Dark outside, around noon, and on the verge of a loud and powerful storm, my old boss walks into the coffeehouse I write at.
There he was, pushing seventy, still towering over six feet, still bald, still Scotch-Irish, still impeccably dressed, still with hairy knuckles and coffee stained teeth. I had not seen or spoken to my old boss in over three years. I worked for him for fifteen.
I began as his assistant at the age of twenty-two. He told me my salary would be twenty four grand, he paid me eighteen. There were four of us, in the beginning. We were a million dollar a year company back then, when I left, forty million. He was the owner.
Year one, I wore plaid skirts with combat boots held together with electrical tape. I often smelled of Bourbon from the night before. With a copy of Henry Miller's Tropic of Cancer in one hand, and a Marlboro Red in the other, I told my boss, smartly: "Sex is base. It's...empty...and...has no value." He looked at me sadly, strangely; said I was “wrong," and he "felt bad that I thought that way." I did, at the time, feel that way.
When my old boss did not offer me the company health insurance, and I had a major health scare, he suffered for it. I was happy about that. When I needed a Dental Hygienist, he gave me his.
When I dyed my dry, fake blonde hair back to its natural color, my old boss looked up from his newspaper and said: "Better."
On his birthday, I scheduled a dinner for staff. The first year, I remember that he and his wife, both fifty, were holding hands under the table. I think she may have even massaged his shoulder. I thought, Old people still touch...humans...touch. I was an extremely late bloomer and had only been affectionate, once. I was still grappling with the meaning of that relationship; of love, of connecting. I had never even been on a real date yet.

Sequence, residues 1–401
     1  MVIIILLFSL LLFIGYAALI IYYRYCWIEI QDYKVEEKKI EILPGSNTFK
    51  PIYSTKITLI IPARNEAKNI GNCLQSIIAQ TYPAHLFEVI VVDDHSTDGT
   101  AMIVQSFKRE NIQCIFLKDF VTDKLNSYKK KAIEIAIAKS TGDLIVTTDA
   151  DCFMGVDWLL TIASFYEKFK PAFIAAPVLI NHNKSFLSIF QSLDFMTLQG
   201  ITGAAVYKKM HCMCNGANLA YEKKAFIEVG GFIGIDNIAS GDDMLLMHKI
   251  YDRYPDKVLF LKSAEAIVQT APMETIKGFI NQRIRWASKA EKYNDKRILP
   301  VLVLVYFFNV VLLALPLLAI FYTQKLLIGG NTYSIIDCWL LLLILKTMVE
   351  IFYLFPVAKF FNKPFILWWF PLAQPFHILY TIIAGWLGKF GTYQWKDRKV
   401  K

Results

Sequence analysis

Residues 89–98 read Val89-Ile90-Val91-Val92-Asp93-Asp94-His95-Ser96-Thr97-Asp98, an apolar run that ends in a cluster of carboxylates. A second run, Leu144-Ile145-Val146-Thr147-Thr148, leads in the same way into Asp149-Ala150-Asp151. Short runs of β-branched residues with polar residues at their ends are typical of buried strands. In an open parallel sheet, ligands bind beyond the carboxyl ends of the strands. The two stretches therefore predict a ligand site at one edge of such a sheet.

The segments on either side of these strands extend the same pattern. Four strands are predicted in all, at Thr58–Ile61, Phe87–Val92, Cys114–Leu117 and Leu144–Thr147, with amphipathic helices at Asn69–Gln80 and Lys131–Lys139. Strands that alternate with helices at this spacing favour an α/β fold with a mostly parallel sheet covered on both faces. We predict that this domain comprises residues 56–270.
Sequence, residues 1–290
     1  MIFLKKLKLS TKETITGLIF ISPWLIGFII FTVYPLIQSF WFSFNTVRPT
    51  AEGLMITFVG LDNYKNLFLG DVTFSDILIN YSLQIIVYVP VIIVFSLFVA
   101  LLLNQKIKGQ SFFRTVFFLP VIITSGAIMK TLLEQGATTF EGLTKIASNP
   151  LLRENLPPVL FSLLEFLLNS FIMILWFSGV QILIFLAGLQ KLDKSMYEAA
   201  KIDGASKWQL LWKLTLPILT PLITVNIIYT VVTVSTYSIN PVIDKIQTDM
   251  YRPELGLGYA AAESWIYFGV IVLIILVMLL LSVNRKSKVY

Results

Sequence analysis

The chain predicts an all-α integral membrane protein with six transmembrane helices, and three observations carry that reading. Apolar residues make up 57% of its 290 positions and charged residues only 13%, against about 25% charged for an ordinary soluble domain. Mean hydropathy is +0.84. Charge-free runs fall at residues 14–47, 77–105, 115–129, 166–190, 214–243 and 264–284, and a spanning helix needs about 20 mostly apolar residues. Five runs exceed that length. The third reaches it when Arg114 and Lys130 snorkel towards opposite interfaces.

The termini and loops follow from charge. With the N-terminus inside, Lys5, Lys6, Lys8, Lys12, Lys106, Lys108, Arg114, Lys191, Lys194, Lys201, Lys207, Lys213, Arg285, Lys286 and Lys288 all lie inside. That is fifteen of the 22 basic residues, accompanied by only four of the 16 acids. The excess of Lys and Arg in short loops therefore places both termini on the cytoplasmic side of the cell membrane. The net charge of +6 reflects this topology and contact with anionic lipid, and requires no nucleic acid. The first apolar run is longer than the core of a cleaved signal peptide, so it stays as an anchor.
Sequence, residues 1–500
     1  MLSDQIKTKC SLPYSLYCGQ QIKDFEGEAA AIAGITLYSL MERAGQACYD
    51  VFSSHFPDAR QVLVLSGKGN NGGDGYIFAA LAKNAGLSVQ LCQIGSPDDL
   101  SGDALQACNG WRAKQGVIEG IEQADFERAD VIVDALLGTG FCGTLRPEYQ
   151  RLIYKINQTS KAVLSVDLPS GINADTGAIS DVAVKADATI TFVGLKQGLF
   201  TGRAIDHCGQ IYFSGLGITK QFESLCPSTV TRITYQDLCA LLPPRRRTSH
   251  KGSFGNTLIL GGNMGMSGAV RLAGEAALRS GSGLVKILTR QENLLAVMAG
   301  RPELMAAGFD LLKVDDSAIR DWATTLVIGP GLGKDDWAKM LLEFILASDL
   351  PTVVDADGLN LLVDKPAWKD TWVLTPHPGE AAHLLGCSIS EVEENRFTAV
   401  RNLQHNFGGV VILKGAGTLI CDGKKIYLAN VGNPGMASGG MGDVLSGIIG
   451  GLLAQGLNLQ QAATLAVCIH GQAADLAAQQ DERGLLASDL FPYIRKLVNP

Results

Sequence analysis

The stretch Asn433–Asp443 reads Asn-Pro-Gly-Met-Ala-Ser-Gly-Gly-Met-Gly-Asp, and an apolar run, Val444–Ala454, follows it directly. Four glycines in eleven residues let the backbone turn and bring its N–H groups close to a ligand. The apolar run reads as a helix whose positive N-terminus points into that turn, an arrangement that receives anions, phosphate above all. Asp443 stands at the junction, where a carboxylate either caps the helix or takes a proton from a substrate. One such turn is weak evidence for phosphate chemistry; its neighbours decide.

On my twenty-third birthday, my old boss ruined my life. He told me: "Your life's going to start to go by...fast, now" even snapping his finger for extra emphasis.
One day, I was in the passenger seat of his brand new black convertible, talking about food. We often spoke about food. We ate out together, a lot. He loved Arrabbiata sauce and pancakes. Somehow, his eyes accidentally found my cleavage and he pushed the accelerator instead of the brake. Three thousand dollars in damage. Car was never the same. He soon bought a different one.
I was not to speak in the car when his wife called. I wanted to say "You're old enough to be my father!" but a part of me was like "My god, someone actually thinks I'm pretty enough to have sex with?"
He called me "obtuse" in a fight and "zaftig"(not in any good way) in another.
He liked to harp on the superiority of Italian culture versus my own Italian American one. He lent my father and I money. He gave all of my friends jobs.
One day, we rode the train together. There was no air-conditioning and he stood out, sweating profusely in an expensive suit, the largest body on the train. Love seemed completely bleak to me at that moment. I was ornery, probably not having gone to sleep since five am the night before, and hungover. I was annoyed with...men. I was proud of my...celibacy.
I told him I didn't understand how men could be so blatant about wanting to go to bed with a woman, like to the point of ridiculousness. How men acted like goons even to smart women, even when the men were smart themselves. How could intelligent people act so, so primal?